Interview Tips:
Beware of the Counter-Offer

Your whole Career Is At Stake…

Yes, your Executive recruiter will potentially lose a fee if you turn down this job, and it will probably occur to you that your Recruiter’s only objective for telling you the following horror stories is to salvage a fee, however, please remember, most good Recruiters will always warn you of the ramifications of a counter-offer before it ever happens. Just maybe your dmDickason Recruiter knows something that you do not. We have watched and researched counter-offer results for decades and the end result is almost always the same.

Statistics show that roughly 80% of all job candidates that accept a counter offer from their current employer will be fired, laid-off, or will voluntarily resign for un-kept promises within 6 months from accepting the counter-offer.

Don’t make this mistake. If your objective today is to wake up your current employer and alert him or her that you are serious about leaving, do not do it in this manner. You are essentially blackmailing or threatening, and the results are not pretty.

Instead, act like the professional that you are and have a professional business conversation about your reasons for considering leaving before you waste a lot of people time and energy and your good reputation. With unemployment lower than it has been in decades, chances are that your employer will “sweeten the pot” in an attempt to lure you to stay. Good employees are very hard to find today. But, what is his or her real motivation for keeping you.

If you have accepted an offer from a new employer, and upon giving your two-weeks notice to your present employer, a counter-offer is made, you should consider the following:

10 good reasons for NOT accepting a counter-offer…

  1. What type of company do you work for if you have to threaten to resign before they give you what you are worth?

  2. Where is the money for the counter-offer coming from? Is it your next raise early? All companies have strict wage and salary guidelines which must be followed.

  3. Your company will immediately start looking for a new person at a cheaper price. Consider the fact that your present employer could merely be “buying time” with this raise until he or she can locate your replacement. Suppose you were given an annual raise of $3,000 as a counter-offer. When your current employer finds your replacement (in say 60 days) the actual cost to them is only $500!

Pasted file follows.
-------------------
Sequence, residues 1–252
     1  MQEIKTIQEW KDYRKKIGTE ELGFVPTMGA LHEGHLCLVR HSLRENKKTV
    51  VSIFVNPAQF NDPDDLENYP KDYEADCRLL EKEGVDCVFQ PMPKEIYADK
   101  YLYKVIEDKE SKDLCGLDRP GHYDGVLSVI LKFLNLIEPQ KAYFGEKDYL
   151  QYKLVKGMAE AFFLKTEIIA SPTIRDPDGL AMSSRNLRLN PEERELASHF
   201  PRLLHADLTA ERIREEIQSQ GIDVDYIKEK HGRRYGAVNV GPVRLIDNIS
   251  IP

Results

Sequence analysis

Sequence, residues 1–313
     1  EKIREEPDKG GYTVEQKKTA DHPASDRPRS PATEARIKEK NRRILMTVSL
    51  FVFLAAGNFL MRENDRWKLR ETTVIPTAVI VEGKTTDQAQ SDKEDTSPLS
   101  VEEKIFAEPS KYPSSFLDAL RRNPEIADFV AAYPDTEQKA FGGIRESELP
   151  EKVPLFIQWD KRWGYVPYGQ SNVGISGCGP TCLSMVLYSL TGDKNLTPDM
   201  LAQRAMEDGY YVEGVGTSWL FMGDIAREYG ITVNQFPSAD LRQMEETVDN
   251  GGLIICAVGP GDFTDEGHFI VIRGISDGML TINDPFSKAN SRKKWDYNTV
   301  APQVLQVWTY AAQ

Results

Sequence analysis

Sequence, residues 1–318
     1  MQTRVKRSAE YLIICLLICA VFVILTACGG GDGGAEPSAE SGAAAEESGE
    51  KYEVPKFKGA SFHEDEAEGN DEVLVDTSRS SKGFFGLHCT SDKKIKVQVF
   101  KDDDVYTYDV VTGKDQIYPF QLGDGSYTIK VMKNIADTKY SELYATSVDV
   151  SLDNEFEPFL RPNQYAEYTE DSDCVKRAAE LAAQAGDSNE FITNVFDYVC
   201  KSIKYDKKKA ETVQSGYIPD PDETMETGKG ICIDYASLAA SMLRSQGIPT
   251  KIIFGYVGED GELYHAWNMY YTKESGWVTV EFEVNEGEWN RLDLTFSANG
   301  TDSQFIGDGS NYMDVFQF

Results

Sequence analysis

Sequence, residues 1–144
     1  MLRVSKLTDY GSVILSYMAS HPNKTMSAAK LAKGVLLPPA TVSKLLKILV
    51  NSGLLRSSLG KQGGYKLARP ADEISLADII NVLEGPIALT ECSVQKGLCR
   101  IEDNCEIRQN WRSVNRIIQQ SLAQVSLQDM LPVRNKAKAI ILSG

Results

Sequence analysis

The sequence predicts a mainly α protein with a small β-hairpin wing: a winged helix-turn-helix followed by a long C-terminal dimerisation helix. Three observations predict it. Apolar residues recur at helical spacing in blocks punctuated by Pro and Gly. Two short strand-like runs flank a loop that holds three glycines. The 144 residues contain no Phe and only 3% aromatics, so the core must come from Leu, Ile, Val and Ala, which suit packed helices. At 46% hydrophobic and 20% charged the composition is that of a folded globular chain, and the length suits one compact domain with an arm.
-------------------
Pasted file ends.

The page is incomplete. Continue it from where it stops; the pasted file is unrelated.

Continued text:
4. You have now made your employer aware that you are unhappy. From now on, your loyalty will always be in question.

  5. When promotion time comes around, your employer will remember who was loyal and who was not.

  6. When an economic slow-down occurs, you could be the first to go. You indicated your intention to do so once before, so, it is only natural that your position be eliminated in a slack period.

  7. The same circumstances that now cause you to consider a change will repeat themselves in the future; even if you accept a counter-offer.

  8. Once the word gets out, the relationship you now enjoy with your co-workers will never be the same. You will lose the personal satisfaction of peer-group acceptance.

  9. Accepting a counter-offer is an insult to your intelligence and a blow to your personal pride; knowing that you were bought.

  10. Statistics show that if you accept a counter-offer, the probability of voluntarily leaving in six months of being let go within one year is extremely high. Statistics compiled by the National Employment Association confirm that over 80% of those people who elected to accept a counter-offer and stayed with their current employer, are no longer with their company six months later.

Carefully review all the reasons you wanted to make a change in the first place. Does the counter-offer really off-set all of these reasons?

If you intend to seriously consider a counter-offer, be sure to ask your present employer to confirm all the details of the counter-offer in writing.

We strongly encourage you to carefully think about all these facts before making a final decision. It is your career, your livelihood. You must make the right decision for you and your professional growth.

For more information on preparing for your interview, please click on one of the helpful links below:

Resume Writing Tips Interview Preparation Interview Do’s & Don’ts
Selling your experience Interview Follow-Up Resigning your current position


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